November is special for the First City Troop. Not only is it the month of our unit’s 1774 founding, it’s also “Movember,” an annual event when mustaches are grown to raise awareness for issues of men’s health and suicide.
As old photos attest, mustaches were exceedingly popular among First City Troopers during the “wild years” of the 1970s and early 80s. This begs two questions. Was the Troop mustache a product of 1960s hippy fashion? Or was it part of a deeper military tradition? The answer is probably “yes” to both.
A lazy internet search reveals that military facial hair was common during the Troop’s 19th century glory years, and that its origins where probably British. Between 1860 and 1916, British Army uniform regulations required every soldier to keep the hair on his head short, the chin and under lip shaved, and the upper lip free to grow as it pleased. That is, mustaches were MANDATORY. The act of shaving one’s upper lip brought disciplinary action.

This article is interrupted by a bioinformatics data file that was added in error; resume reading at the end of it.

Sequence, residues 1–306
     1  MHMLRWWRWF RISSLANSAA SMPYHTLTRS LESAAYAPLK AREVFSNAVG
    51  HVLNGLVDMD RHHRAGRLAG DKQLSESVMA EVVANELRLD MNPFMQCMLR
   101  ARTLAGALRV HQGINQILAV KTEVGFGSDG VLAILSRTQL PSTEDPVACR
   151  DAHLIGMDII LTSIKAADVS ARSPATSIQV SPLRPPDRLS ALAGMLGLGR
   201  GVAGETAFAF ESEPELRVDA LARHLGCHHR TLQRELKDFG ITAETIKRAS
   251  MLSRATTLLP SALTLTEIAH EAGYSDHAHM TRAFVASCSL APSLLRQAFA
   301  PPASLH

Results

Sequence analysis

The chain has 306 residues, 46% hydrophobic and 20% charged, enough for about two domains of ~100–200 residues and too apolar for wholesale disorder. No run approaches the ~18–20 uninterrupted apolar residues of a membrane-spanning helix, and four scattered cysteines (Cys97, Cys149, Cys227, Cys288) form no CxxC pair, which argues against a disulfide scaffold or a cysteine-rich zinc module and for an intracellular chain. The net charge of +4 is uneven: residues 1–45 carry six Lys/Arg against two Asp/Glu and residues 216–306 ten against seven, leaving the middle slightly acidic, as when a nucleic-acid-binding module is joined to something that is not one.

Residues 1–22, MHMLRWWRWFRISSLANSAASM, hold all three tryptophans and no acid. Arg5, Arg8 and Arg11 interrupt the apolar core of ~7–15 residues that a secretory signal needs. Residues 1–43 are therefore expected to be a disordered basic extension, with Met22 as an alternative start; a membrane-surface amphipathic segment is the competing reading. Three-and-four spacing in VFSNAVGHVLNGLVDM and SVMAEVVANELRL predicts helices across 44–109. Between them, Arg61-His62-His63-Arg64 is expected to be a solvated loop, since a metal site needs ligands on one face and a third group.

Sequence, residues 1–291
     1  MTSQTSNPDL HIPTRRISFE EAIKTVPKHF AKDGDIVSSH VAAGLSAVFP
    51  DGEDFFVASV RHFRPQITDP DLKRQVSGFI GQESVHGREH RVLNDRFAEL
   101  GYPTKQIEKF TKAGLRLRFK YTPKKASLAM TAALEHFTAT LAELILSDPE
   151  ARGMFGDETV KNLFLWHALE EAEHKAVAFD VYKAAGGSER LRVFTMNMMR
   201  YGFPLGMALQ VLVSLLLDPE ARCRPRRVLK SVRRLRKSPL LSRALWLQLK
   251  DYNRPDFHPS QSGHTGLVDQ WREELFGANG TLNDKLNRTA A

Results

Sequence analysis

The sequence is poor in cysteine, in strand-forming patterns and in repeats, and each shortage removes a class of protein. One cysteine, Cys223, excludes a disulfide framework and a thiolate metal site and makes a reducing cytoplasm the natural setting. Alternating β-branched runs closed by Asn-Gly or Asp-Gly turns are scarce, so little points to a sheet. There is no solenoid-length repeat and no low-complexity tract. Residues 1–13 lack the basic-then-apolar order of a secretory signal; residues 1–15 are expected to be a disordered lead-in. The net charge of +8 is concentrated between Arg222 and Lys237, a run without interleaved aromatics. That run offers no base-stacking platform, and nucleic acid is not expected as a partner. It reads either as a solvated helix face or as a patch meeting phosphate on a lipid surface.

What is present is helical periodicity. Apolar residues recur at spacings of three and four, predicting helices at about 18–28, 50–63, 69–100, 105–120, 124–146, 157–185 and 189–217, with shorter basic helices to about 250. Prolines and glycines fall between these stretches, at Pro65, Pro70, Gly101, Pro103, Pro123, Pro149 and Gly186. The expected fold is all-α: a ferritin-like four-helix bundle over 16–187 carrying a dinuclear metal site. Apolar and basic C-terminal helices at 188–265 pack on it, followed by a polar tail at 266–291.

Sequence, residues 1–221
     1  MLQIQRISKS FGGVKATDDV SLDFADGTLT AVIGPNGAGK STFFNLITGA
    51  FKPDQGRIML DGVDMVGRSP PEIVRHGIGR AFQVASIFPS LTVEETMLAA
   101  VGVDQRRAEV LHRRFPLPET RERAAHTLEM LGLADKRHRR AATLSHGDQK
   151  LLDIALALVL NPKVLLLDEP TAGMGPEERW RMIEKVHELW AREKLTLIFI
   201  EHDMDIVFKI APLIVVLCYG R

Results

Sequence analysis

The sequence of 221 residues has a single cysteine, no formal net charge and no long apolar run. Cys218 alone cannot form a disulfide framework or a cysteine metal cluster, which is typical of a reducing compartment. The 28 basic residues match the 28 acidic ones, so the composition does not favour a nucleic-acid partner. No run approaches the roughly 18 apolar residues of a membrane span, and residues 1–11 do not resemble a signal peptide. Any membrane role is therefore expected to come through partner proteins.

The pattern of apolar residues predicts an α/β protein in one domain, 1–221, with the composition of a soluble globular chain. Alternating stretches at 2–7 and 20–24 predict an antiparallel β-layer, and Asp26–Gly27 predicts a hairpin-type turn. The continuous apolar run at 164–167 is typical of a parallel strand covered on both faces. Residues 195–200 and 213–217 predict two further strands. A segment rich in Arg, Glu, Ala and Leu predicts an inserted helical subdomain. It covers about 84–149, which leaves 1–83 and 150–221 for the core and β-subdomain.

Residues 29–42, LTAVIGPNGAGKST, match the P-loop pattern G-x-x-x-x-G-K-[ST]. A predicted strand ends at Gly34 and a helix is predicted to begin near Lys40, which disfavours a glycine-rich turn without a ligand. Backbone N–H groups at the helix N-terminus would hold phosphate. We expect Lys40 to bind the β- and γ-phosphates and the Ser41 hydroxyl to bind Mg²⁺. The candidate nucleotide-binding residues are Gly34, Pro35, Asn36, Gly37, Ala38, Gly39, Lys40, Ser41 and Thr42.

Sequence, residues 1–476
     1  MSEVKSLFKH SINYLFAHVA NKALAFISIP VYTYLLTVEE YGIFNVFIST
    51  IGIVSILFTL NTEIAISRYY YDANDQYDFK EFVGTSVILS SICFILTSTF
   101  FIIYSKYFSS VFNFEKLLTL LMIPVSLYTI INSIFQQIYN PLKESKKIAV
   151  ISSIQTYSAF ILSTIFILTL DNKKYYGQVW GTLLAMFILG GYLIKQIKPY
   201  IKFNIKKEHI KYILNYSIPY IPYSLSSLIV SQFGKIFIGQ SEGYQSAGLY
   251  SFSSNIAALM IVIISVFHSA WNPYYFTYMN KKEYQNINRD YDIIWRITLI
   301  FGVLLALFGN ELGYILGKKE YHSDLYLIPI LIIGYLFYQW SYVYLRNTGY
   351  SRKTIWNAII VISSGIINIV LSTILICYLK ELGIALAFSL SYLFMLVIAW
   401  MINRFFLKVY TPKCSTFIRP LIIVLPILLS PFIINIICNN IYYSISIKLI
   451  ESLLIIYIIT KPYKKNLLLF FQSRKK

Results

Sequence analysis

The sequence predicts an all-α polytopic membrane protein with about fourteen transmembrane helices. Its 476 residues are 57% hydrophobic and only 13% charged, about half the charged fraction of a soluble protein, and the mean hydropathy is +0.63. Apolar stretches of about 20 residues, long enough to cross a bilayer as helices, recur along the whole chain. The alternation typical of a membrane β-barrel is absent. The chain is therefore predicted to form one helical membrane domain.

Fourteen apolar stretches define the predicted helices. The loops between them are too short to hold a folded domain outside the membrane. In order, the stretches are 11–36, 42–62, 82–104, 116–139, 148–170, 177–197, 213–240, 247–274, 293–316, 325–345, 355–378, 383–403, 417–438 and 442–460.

The British probably adopted this custom for strategic imperial reasons. In India, bare faces were scorned as being juvenile and un-manly. In Arab countries, mustaches and beards were likewise associated with power. In France, Napoleonic armies required men to have facial hair as marks of bravery and aggression.
Americans also adopted this idea throughout the 19th century, which is why anyone who stops shaving for a long time gets a "Civil War" look to him. Military facial hair came to an abrupt end in World War I, when it became essential to keep the face cleanly shaven for gasmask seal. But beards have had a 21st century renaissance among combat and peacekeeping operators in the middle east.
For those who like word derivations, our English “mustache” comes from the French “moustache,” which came from the Italian “mostaccio," which came from the Latin “mustacium,” which came from the ancient Greek “mustax,” which means “upper lip.” As you can see, the word has been around.